Sunten, a midwife in Ghana, talks to us about the impact of having access to clean water.
Drawing on data from 54 low- and middle-income countries, the WHO concludes that 38% lack access to even rudimentary levels of water, 19% lack sanitation and 35% do not have water and soap for handwashing.
The consequences of poor WASH services in health care facilities are numerous. Health care associated infections affect hundreds of millions of patients every year, with 15% of patients estimated to develop one or more infections during a hospital stay (Allegranzi et al., 2011). The burden of infections is especially high in newborns. Sepsis and other severe infections are major killers estimated to cause 430,000 deaths annually. The risks associated with sepsis are 34 times greater in low resource settings (Oza et al., 2015). Lack of access to water and sanitation in health care facilities may discourage women from giving birth in these facilities or cause delays in care-seeking (Velleman et al., 2014). Conversely, improving WASH conditions can help establish trust in health services and encourage mothers to seek prenatal care and deliver in facilities rather than at home – important elements of the strategy to reduce maternal mortality (Russo et al., 2012).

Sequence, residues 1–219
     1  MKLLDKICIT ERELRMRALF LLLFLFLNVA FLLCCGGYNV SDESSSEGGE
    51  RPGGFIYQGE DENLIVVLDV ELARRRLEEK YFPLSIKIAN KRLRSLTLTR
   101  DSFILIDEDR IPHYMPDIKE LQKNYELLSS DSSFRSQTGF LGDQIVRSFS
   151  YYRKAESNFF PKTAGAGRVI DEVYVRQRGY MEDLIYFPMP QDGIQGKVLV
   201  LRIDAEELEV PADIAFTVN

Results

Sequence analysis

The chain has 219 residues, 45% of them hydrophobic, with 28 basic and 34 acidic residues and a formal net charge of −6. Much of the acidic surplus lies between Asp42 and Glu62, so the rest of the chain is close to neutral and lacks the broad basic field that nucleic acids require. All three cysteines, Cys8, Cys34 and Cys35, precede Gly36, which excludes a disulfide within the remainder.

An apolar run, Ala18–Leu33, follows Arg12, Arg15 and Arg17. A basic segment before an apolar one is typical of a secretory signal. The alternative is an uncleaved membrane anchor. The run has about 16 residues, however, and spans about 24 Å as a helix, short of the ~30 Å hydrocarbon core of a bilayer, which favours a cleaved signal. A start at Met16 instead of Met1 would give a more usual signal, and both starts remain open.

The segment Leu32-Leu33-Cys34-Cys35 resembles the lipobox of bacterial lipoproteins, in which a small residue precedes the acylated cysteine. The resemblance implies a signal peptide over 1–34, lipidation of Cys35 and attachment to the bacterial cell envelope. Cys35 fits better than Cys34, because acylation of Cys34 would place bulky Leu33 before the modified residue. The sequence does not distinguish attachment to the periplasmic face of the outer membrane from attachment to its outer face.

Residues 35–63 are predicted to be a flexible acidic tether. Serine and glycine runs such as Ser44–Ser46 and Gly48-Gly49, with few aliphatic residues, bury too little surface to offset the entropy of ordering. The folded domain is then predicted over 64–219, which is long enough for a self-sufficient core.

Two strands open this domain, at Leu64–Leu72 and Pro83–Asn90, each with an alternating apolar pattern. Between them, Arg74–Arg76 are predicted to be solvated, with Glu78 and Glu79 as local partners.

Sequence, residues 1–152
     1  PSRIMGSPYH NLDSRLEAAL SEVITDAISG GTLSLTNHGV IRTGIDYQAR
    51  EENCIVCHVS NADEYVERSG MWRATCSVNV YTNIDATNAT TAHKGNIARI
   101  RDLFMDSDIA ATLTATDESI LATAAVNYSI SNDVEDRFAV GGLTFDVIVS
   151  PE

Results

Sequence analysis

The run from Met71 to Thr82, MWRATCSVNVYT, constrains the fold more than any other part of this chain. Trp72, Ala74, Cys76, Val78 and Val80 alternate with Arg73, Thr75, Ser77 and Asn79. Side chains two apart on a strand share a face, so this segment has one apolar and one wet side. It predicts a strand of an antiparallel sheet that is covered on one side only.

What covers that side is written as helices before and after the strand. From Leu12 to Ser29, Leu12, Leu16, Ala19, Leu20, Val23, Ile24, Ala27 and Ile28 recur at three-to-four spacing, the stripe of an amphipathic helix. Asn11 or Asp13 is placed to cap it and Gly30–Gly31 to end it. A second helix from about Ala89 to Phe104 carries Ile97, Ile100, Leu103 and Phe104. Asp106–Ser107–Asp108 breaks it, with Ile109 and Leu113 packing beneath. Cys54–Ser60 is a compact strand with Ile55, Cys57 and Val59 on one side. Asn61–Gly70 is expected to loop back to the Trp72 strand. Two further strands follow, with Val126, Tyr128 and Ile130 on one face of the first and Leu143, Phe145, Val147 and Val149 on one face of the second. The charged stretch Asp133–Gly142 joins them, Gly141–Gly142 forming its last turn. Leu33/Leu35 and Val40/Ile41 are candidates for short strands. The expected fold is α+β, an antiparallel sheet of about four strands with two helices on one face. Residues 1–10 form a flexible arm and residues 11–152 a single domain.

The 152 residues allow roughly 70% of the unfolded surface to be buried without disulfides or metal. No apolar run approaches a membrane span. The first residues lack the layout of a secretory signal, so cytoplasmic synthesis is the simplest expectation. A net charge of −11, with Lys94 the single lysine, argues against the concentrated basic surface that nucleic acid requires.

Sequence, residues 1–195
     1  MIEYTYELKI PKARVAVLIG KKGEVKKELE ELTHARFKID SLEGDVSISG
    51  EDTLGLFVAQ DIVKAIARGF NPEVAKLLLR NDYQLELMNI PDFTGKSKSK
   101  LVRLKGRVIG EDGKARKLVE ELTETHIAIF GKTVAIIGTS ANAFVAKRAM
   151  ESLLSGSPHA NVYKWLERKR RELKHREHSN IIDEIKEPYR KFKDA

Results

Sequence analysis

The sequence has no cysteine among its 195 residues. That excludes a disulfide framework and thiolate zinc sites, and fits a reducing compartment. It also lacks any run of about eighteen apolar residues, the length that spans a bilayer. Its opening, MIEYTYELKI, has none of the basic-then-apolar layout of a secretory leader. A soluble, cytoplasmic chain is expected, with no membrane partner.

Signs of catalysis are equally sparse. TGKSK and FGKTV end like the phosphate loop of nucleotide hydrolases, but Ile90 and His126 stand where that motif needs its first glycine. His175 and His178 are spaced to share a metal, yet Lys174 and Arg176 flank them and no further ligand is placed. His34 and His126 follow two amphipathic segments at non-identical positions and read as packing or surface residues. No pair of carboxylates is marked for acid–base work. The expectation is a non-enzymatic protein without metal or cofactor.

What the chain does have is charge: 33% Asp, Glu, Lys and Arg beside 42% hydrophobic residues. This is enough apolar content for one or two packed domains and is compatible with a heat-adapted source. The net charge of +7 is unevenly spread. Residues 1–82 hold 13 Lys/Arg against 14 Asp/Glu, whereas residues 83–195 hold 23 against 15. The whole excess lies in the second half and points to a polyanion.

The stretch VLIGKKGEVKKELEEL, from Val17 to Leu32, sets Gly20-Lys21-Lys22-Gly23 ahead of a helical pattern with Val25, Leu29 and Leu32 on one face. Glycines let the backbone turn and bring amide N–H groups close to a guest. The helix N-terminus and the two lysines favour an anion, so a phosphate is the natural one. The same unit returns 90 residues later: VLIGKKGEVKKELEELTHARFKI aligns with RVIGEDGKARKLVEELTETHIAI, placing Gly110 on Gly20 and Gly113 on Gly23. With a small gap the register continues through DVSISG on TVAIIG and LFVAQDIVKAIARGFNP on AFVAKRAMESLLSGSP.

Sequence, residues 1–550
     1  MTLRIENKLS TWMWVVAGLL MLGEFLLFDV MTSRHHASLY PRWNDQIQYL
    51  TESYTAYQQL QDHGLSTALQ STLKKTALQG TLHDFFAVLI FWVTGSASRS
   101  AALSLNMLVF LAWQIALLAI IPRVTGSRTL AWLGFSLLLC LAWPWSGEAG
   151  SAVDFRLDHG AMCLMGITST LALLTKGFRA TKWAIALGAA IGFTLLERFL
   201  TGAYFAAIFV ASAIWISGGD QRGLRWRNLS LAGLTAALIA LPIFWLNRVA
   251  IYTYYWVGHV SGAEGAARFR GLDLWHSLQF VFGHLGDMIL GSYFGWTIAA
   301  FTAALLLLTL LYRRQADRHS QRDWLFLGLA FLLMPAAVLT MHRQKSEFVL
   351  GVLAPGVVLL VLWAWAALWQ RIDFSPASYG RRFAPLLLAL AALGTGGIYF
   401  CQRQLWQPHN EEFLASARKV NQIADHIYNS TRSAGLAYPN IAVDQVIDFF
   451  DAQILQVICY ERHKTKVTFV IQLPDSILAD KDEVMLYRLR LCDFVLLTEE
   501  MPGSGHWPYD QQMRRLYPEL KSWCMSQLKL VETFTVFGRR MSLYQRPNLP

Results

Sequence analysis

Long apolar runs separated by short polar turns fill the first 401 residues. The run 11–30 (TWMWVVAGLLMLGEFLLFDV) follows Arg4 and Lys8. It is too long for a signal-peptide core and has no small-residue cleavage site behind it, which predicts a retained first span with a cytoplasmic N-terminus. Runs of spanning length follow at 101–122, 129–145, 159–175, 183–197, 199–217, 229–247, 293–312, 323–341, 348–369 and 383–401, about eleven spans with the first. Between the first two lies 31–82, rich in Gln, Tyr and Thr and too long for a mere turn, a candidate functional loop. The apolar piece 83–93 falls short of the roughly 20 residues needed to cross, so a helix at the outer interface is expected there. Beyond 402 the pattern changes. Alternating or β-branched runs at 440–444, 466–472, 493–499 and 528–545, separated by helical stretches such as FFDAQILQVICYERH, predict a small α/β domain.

To learn more about the importance of WASH in health care settings, click here.